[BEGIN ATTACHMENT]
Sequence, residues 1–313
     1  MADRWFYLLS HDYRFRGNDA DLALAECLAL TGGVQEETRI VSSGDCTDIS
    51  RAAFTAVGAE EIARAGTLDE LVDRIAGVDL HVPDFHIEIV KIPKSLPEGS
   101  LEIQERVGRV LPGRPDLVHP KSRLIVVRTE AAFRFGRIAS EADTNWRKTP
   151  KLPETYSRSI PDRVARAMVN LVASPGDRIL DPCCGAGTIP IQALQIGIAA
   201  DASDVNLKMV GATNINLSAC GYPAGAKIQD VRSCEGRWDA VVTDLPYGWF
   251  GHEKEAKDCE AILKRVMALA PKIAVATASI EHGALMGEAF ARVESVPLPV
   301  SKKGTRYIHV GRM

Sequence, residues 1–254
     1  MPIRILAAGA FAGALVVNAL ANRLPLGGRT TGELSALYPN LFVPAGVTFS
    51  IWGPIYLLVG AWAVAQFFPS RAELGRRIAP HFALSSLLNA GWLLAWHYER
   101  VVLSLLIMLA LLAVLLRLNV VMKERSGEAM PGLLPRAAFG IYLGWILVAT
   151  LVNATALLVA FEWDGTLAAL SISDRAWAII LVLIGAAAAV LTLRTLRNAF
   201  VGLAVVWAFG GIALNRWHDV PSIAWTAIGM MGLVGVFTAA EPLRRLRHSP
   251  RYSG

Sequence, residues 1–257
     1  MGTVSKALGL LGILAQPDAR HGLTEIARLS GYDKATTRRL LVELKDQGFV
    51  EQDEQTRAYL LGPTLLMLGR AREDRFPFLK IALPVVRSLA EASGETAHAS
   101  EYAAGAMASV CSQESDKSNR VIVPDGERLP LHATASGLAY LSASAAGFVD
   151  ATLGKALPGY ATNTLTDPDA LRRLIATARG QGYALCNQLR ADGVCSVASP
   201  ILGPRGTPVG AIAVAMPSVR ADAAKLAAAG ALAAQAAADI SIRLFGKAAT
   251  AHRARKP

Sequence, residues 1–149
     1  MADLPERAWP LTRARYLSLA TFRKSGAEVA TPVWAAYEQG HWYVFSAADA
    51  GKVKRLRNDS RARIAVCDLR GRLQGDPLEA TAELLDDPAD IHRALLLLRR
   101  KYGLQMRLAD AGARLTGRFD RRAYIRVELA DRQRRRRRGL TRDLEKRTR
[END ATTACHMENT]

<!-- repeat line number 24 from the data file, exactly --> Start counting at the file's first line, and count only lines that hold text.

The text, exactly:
     1  MADLPERAWP LTRARYLSLA TFRKSGAEVA TPVWAAYEQG HWYVFSAADA